Unfortunately, I could not get a picture of these cards because my mom is currently visiting my grandparents and these index cards are at home. Also, these recipes are very secretive in my family and so when I called my grandma to get these recipes she did not want to send a picture of the recipe itself. The first one that I’m thinking of is my Nana’s (great-grandma)  Ambrosia salad recipe. Although, my grandma believed this recipe actually started with her 98-year old aunt. This recipe stuck out to me first because it is probably the most “secretive.” My mom used to tell me that my Nana never gave out this recipe until she got older. She would only make it for the family; however, would never give anyone in the family this recipe. Once she got older, she finally revealed her secret and passed it down to the rest of us. I’m glad she did because my Nana passed away before I was born and so this recipe is a piece of her that I will have for the rest of my life and be able to pass down to my own kids, when they’re old enough of course.

The next recipe cards are oriented around our Christmas traditions. These include my grandma’s quiche recipe and two of my Nana’s cookie recipes that we make every year. These traditions started on my mom’s side of the family with all of her relatives; however, even after my parents divorced my dad still makes quiche for my brother and I every Christmas and my mom always makes my dad a batch of the butterscotch cookies for us to bring over. Something that I like about these recipes though, is that even though they originated with my family as these special recipes they have changed over time within my family. When my aunt makes the butterscotch cookies she always adds peanuts to them (as the original recipe calls for), yet when my mom makes them she leaves out the nuts because she doesn’t like them as much. Also, the quiche recipes change slightly from year to year to. The base and basics always remain the same; however, sometimes we change what else goes in them. My mom’s new boyfriend hates onions and so now when she makes the quiche she leaves out onions in one of them, so we can all enjoy it.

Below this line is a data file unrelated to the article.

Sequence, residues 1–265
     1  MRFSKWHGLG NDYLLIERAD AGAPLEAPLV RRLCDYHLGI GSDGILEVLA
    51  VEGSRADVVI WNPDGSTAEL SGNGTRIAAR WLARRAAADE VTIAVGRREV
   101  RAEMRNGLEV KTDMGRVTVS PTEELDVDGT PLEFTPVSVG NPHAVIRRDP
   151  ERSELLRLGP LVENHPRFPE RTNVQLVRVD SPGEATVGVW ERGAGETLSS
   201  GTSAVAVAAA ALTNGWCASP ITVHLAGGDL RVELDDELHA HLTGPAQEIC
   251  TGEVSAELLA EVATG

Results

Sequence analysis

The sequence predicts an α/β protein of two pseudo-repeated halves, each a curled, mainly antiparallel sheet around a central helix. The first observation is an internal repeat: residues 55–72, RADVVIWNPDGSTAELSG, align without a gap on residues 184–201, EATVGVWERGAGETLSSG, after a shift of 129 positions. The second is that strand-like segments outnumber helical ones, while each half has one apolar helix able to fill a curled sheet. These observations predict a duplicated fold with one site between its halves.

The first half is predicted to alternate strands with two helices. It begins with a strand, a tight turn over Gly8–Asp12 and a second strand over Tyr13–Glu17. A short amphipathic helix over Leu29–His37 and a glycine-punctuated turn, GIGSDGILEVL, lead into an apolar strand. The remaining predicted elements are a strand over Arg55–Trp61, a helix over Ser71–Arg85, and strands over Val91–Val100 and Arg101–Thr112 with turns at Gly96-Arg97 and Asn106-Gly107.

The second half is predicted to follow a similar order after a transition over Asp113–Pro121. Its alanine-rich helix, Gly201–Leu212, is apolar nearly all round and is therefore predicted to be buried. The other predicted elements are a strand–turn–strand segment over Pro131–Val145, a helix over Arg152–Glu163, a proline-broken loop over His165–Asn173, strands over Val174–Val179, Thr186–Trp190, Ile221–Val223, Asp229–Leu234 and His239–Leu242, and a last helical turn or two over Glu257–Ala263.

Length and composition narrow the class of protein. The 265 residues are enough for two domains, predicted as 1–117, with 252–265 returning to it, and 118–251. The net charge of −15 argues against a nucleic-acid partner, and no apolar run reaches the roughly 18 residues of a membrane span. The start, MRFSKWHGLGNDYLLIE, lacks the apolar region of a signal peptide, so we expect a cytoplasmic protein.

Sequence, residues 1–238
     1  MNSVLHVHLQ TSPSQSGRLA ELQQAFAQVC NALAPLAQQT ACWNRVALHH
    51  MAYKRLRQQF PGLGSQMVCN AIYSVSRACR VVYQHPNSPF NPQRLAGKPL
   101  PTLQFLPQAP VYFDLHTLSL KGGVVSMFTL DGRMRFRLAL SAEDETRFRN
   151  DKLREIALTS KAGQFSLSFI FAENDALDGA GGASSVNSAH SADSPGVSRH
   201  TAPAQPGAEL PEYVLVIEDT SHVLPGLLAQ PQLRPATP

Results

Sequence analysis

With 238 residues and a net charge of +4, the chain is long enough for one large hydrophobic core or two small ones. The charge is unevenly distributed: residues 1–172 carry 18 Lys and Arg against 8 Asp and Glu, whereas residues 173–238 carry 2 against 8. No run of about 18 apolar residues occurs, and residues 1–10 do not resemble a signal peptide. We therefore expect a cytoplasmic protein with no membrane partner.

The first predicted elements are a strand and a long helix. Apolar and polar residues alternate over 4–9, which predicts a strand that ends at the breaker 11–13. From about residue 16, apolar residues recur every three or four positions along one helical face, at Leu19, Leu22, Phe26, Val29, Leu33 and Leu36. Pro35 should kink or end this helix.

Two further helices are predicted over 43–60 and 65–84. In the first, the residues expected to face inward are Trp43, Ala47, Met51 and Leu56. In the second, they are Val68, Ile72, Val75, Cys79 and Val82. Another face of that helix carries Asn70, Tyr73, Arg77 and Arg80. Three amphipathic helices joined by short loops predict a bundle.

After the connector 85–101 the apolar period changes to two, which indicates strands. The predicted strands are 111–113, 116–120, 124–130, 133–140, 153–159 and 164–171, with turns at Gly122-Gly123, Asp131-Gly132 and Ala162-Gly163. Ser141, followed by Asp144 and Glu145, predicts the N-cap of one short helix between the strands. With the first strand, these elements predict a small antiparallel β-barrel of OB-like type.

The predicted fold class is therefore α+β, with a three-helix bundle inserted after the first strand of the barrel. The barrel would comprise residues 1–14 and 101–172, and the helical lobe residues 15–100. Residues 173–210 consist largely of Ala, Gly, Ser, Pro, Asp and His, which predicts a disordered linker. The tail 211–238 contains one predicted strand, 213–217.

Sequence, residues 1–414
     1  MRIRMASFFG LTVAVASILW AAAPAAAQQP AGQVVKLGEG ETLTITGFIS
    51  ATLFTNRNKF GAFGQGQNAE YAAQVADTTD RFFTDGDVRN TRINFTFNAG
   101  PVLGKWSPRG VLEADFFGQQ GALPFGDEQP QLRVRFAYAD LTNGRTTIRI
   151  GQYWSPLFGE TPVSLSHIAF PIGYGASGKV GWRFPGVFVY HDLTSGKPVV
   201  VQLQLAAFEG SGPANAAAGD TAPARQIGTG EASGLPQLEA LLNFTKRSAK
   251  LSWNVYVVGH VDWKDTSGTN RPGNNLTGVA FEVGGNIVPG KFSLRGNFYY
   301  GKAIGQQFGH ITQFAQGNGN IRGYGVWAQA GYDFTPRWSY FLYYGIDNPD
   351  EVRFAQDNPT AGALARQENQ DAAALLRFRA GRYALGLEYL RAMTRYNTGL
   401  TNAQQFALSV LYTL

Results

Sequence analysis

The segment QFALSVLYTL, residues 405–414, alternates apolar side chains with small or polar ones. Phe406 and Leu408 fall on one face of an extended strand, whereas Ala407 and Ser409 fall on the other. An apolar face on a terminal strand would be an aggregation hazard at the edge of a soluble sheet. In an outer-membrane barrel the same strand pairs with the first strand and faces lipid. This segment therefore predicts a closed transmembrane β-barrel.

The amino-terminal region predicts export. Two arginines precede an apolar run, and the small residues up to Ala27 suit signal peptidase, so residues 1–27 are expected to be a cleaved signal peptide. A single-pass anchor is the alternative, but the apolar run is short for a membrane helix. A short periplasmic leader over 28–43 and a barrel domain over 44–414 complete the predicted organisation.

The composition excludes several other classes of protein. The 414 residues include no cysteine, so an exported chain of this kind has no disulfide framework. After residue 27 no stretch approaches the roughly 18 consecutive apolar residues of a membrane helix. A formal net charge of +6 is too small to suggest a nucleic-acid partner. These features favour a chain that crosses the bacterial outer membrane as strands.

Although, these index cards don’t seem like much, they mean a lot to me. I love cooking, if I wasn’t currently in college on a criminal justice/ law path, my second plan was to always go to culinary school. These cards are tiny and worn down and constantly changing, yet they’re one of the very few traditions my family treasures and still participates in every year. It’s not a crazy chain of ownership, but every member on my moms side of the family holds these recipes and continue to pass it down. There’s no real historical significance to these cards; however, to my family the history of these recipes is priceless.

Carrie’s Books

I feel that I have gone through the history and significance of my first edition copy of Little Men, at least as much as I can without the specific details of where it was purchased and who owned it previously, as this is difficult to do without it being a family heirloom. However, I am still greatly interested by the history of books and so I turned to the rest of my collection to see if I could dive into another book’s history. I looked for books which had previous owners’ names or dates inscribed inside. Though many of my books do have these details, I found myself most taken with a four specific books, of which I had forgotten their relation as I have owned them for several years now.